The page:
BL: When you have the experience to build it yourself, whatever circuit or component you change you hear the difference in sound. Eventually, through years of practice, you really know what is good sound. I guess at this stage if I’m going to actually enjoy a Hi Fi system it has to be absolutely top class. I don’t think that I’m happy to pay the sort of money to better my design, so I’ve possibly reached the end of my journey.
JV: What’s your favorite piece of equipment at the moment?
BL: It’s very difficult to say, because I built this as a system. I was making the assumption that I am going to actually build a system based on this and that I’m not going to upgrade.
JV: Is there any piece of equipment that you’ve owned in the past that you regret selling?
BL: Yes, there are, because I don’t think it makes sense to sell something like the Musical Fidelity A120, that classic power amp, because you only sell it for a few hundred dollars. Also the Rogers speakers - if you sell these things for two or three hundred dollars, you might as well just keep them.
JV: I think that your system is one of the most memorable systems I’ve ever heard, but is there another system that you’ve heard that was very memorable?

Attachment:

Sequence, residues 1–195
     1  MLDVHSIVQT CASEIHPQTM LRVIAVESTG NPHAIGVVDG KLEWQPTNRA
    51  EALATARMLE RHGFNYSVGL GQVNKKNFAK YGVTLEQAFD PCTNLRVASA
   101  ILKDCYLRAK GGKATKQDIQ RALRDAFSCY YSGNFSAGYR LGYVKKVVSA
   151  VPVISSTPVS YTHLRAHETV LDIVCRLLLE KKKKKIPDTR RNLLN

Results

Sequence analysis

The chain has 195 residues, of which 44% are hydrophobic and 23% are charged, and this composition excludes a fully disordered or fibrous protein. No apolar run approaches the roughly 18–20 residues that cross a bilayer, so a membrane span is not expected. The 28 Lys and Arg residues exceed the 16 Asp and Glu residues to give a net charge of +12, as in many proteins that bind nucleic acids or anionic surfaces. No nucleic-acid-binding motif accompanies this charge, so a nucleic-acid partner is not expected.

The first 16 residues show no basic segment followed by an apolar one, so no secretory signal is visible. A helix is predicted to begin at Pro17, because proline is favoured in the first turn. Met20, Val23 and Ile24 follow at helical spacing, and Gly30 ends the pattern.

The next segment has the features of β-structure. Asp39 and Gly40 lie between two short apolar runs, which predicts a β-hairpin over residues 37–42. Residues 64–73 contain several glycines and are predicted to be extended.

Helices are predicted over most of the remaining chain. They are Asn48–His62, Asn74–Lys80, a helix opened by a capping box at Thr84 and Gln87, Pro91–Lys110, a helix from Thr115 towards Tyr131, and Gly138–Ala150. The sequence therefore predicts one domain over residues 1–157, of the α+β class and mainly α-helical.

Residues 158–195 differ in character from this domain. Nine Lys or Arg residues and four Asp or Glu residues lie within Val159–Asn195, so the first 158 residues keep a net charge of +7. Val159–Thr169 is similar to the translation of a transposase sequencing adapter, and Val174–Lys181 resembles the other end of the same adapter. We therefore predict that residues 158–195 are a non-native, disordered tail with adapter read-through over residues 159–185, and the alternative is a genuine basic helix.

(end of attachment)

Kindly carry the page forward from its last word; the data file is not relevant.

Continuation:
BL: I have heard good systems that are not always the most expensive ones. And I have heard some very expensive systems. But I personally prefer my own system.
JV: Do you use the same music for comparing components as you do for sitting down and listening for fun?
BL: Yes. Just for comparison, because I’m used to that piece of music so I can tell the difference easily. But the whole process of Hi Fi can be a very subjective experience. That means that, for example, I establish a certain kind of expectation of sound, even though it’s not true. So sometimes it’s a good idea to get a CD which I’m not so familiar with and then listen to it, and then I can actually find differences in the system.
JV: Thinking about the Hi Fi industry broadly, where do you think it is heading in the future?
BL: I guess that a lot of people have a very pessimistic view on this, but I think that Hi Fi is not going to die. There will be music lovers, there will be Hi Fi lovers, and as long as those people are there, there will be a market. Technology is still improving, like loudspeakers and especially digital technology. One day if you can actually achieve true digital crossover rather than an analog crossover I think we will have another level of performance upgrade, and it will be a massive upgrade.
JV: Where would you like to see the audio industry going?
BL: For me to listen to music, if the Hi Fi doesn’t sound good or real, I don’t get emotionally involved. People are missing a lot listening to poor sound, and the industry could help to educate them on what is possible.
- Marantz SA-11S1 SACD Player, modified by Bill Louey
- Bill Louey designed preamp and electronic crossover
- Bill Louey designed power amps in tri-amped configuration
- Bill Louey designed three way open baffle loudspeakers
- Custom cables and racks